What doesn't help in situations where there is a tradition of hazing like in fraternities and sports teams is that there is a "pay it forward" mentality, he added. Rather than altruism, some people feel that if they were made to suffer through abuse when they were newly initiated, the incoming members should have to go through at least that same painful experience -- or something even worse.

When it comes to the NFL and other sports teams, or any type of job that takes years of hard work make it, people might be willing to put up with a lot.

"There is this almost desperation for social acceptance," Chertok explained. "Younger guys who are on the teams willing endure the bullying because the idea of landing a job on a pro team is a life-long dream. When you finally actually achieve that, a player just wants to sit in and keep the peace. Speaking up and snitching can be seen as a barrier to entry. They don't want their years of hard work to be naught for not being able to withstand bullying."

Compounding this is the unwritten rule in many group dynamics that you don't go against your teammates. Many of Incognito's teammates have come to his defense, saying they saw nothing wrong with the offensive lineman's treatment of Martin.

Others expressed sentiments supporting the idea that once you are older, you should be able to stand up for yourself against unwarranted bullying.

According to Pro Football Talk, when Dolphins G.M. Jeff Ireland was presented with the bullying allegations, he told Martin's agent that Martin should "punch" Incognito.

Some even blame the victims themselves. New York Giants safety Antrel Rolle told ESPN that believed part of the blame belonged to Martin.

"Was Richie Incognito wrong? Absolutely. But I think the other guy is just as much to blame as Richie, because he allowed it to happen. At this level, you're a man. You're not a little boy. You're not a freshman in college. You're a man," Rolle said.

Chertok explained, "When it is a child being bullied, we can attribute it to their disposition and immaturity. We believe that adults have the wherewithal and the cognitive ability to stand up for ourselves," he added.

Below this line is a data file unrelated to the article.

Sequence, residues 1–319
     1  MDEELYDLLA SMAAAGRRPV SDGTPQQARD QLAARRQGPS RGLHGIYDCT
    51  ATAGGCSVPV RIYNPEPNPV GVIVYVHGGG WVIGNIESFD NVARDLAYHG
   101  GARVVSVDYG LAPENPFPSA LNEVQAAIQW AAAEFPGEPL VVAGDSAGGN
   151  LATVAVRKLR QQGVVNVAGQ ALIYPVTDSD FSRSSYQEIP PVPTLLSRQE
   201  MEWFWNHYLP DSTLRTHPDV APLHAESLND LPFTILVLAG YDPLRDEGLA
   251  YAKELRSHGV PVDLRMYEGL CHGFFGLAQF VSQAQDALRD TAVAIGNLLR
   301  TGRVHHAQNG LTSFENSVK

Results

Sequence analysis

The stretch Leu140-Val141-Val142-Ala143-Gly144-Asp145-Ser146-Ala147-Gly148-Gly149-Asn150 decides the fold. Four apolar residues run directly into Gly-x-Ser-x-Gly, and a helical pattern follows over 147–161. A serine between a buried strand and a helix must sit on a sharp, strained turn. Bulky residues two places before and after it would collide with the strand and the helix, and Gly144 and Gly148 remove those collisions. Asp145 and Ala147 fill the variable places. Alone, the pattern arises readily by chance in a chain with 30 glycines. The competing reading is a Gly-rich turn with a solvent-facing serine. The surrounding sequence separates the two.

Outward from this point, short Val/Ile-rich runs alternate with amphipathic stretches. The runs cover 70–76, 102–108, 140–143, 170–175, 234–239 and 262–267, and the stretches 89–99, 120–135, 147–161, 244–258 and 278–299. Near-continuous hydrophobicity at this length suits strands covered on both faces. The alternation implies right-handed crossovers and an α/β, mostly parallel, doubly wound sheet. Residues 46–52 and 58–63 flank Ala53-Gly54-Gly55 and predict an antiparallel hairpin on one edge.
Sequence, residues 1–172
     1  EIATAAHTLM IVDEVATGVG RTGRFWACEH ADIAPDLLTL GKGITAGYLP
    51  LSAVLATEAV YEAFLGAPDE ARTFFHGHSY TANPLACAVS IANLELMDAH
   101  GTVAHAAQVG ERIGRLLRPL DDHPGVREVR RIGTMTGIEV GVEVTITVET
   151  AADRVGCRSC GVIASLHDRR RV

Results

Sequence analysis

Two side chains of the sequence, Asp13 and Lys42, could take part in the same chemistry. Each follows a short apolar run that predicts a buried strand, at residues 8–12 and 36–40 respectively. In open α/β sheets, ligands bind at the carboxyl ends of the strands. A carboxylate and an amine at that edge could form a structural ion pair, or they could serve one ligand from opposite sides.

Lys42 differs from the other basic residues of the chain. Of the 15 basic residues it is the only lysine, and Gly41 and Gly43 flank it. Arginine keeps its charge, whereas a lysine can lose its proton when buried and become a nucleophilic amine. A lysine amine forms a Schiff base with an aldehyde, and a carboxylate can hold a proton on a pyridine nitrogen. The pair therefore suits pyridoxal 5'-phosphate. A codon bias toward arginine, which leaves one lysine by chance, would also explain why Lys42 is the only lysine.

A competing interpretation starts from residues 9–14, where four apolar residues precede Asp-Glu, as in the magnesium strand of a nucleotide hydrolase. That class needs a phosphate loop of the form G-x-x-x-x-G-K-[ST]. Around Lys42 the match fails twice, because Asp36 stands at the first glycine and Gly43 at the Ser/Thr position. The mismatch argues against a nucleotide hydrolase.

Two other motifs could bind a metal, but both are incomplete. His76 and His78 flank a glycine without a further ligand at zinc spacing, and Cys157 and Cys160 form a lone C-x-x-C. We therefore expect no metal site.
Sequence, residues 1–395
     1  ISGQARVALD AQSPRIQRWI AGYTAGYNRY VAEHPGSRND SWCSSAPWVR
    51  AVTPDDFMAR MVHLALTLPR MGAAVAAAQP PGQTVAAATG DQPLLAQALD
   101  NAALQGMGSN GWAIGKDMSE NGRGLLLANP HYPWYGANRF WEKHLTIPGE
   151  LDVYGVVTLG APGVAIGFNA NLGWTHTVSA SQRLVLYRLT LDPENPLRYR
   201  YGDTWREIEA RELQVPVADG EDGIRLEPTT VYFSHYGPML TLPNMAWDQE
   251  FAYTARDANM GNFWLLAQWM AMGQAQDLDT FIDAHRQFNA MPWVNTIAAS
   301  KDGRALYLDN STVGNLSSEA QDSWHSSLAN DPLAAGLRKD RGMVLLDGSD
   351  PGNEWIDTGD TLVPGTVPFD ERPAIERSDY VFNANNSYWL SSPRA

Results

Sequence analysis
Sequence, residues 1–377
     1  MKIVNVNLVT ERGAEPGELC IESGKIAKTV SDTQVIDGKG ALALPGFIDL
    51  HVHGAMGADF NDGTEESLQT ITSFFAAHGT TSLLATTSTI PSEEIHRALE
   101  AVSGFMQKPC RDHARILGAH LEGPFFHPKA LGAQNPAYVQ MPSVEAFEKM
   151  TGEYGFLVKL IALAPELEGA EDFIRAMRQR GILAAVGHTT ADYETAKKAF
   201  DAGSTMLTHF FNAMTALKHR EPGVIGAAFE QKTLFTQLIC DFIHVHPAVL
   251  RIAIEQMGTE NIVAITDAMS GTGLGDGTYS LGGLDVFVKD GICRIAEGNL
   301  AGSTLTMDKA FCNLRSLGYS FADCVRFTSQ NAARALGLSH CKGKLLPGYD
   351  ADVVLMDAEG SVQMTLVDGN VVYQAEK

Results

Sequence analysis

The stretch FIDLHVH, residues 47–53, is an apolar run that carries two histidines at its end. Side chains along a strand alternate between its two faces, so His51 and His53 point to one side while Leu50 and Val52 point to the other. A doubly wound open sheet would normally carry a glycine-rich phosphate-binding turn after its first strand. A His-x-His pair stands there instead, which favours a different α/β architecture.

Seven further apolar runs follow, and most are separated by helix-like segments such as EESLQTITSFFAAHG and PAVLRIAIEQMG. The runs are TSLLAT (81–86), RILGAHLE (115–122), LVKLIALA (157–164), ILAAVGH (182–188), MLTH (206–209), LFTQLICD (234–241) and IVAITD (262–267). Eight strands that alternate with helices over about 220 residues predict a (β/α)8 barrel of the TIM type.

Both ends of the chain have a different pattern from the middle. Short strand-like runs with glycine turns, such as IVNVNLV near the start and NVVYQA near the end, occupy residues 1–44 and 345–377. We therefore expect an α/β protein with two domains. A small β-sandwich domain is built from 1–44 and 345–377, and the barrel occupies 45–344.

Fast said this blaming the victim mentality is due to the idea that many people like to believe that what happens to them is deserved.

"So it's often easier to blame people for the bad things that happen to them rather than acknowledge that bad things can happen to good people," Fast pointed out.

Being older doesn't necessarily mean that it's easier to cope with the harassment. A recent study showed that Finnish women and men were 50 percent more likely to have a prescription for antidepressants if they were being bullied at work. They were 200 percent more likely to take sleeping pills and tranquilizers as well.

One expert however noted that not all hazing can be a bad thing. David Coppel, director of neuropsychological services and research for the University of Washington Seattle Sports Concussion Program who also works with sports psychology interventions, told CBSNews.com that hazing can become a group cohesion exercise. In his experience, it has been a positive thing for most teams.

"In some way, you've moved past some difficult thing that has allowed you to have membership in a group you want to be a member of," Coppel, who is also a member of the American College of Sports Medicine, explained.

He understands that it can be hard to tell if someone is being targeted specifically -- in which case it becomes a different experience. It's clear that in hazing the goal is to bring people together, while bullying is meant to tear people down, he pointed out.

To Chertok, however, the risk of hazing turning into bullying and in turn, fostering resentment and distrust, is too much to allow it to persist.

"When players begin to feel they are treated unfairly or being treated harshly, I don't see how that player would want to work hard for his team the next year," he said. "I don't see how two lineman can stand next to each other when there is that much locker room hatred."

11/11/2013 7:13AM
WBEN Extra: Workplace Bullying & The Incognito Accusations